Can't stop Hexagon hotend leakage

My hot end is leaking between heater and nozzle. It’s only a realy small amount when using PLA @205°, nothing that influences printint.
But things changed since I’m using more PETG @240°. Leakage is significant higher, after 2-3h of printing the nozzle is covered with PETG! This afternoon, I made the mistake to think it might get better if I tighten the nozzle only a little bit more. That realy tiny bit was already too much, I stripped my favourit 0.4mm nozzle :frowning: At least, the heater block is not damaged. I’m now printing again with the original 0.5mm nozzle, still leaking…

Is there a drawing that shows the hexagon hotend in a section view? I can’t find information where it’s designed to prevent leaking. To be more precise: Is it the contact surface of nozzle head and heater block, or like the E3D v6 Hotend where you tighten the nozzle against the heat break? In second case, I might try to tighten the heater to the heat brak a little bit.

It’s realy sad that the Hexagon seems to be a curiosity in 3D printing, there is nearly no information out there. Sometimes I think the e3d might be the better choice…

I hate to tell you this Sebastian but I think that you are being overly optimistic about the state of the heater block on your hotend. Brass is tougher than aluminum and the probability is that your “stripped” nozzle is fine, it just has aluminum filling the threads. (You should be able to verify this by using the pick that came with your TAZ and try cleaning the threads.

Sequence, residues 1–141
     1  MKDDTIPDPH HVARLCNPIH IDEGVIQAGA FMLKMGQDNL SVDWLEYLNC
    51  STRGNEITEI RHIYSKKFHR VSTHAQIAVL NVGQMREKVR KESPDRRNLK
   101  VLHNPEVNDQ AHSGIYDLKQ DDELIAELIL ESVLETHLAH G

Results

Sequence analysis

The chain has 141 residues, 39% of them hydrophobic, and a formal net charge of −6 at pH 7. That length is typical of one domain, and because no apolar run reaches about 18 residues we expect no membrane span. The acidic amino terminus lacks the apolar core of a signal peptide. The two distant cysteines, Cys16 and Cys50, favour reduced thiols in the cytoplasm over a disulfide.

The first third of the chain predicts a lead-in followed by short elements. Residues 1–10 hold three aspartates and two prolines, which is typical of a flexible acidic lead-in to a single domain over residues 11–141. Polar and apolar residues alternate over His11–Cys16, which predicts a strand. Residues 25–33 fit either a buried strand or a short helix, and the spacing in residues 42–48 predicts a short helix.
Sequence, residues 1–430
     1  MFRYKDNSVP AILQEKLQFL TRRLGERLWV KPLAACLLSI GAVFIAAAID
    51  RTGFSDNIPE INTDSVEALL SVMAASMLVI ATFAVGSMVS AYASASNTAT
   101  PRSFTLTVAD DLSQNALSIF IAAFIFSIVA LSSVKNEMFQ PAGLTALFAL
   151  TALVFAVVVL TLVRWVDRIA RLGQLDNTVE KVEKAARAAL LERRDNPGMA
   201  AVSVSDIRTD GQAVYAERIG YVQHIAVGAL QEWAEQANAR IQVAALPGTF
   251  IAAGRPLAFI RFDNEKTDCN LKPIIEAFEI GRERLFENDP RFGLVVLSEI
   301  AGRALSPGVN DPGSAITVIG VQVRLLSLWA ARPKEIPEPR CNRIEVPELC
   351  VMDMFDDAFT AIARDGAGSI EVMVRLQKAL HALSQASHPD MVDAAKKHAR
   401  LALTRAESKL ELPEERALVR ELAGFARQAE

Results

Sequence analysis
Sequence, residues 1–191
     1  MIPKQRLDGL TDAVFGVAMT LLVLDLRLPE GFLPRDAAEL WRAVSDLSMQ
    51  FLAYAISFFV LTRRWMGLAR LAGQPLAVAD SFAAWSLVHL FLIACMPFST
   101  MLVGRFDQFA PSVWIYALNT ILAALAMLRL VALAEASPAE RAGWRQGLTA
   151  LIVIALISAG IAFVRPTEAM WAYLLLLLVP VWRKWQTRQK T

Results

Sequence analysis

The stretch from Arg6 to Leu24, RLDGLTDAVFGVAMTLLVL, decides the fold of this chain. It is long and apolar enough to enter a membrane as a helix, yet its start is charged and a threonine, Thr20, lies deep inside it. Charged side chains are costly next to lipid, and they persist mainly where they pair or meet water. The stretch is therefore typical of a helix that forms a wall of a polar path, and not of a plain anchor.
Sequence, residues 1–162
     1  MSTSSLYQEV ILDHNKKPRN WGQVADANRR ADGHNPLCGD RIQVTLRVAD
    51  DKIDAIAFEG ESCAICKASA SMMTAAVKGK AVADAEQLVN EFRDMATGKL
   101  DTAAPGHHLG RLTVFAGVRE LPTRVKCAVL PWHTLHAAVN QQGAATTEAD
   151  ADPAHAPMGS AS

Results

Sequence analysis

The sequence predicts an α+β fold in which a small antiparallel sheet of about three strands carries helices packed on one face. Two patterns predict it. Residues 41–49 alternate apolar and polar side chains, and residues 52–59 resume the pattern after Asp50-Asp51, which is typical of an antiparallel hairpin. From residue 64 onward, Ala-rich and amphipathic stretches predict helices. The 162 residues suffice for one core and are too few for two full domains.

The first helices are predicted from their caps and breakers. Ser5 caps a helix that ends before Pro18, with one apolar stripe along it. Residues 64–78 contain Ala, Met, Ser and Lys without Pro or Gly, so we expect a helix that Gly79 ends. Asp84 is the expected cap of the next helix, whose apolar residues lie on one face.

I have also stripped out the heater block on my extruder. Unfortunately, spare A0 heater blocks are not available as a separate item. To prevent recurance, I have built a second tool head so that I have a tool head with a 0.5 nozzle and a tool head with a 0.35 nozzle

I will admit the OHAI is kind of un-clear, but you torque the nozzle into the heat block then tighten the heat break down against it. I think this last step is where the leakage occurs. If the heat break moves while heated then you may no longer have a tight fit between the two sections. Which creates a gap to leak plastic out, the bigger the gap the more it leaks.

Thanks, I will have a careful look at it today! Sounds promising.

@geburges: there are no pieces of aluminum on my broken nozzle, that was the first think that I checked. Also the thread inside the heater looks clean.

1.5h of PETG printing and no leakage :smiley: :sunglasses: Thanks kmanley57!

To write it down in one place for next person having trobles:
The same procedure as for the e3d hotend applies. Here is how to change the Nozzle on a TAZ5, without the risk of stripping threads (nearly, I know there is always at least one person that can do everything :wink: ) or have leakage.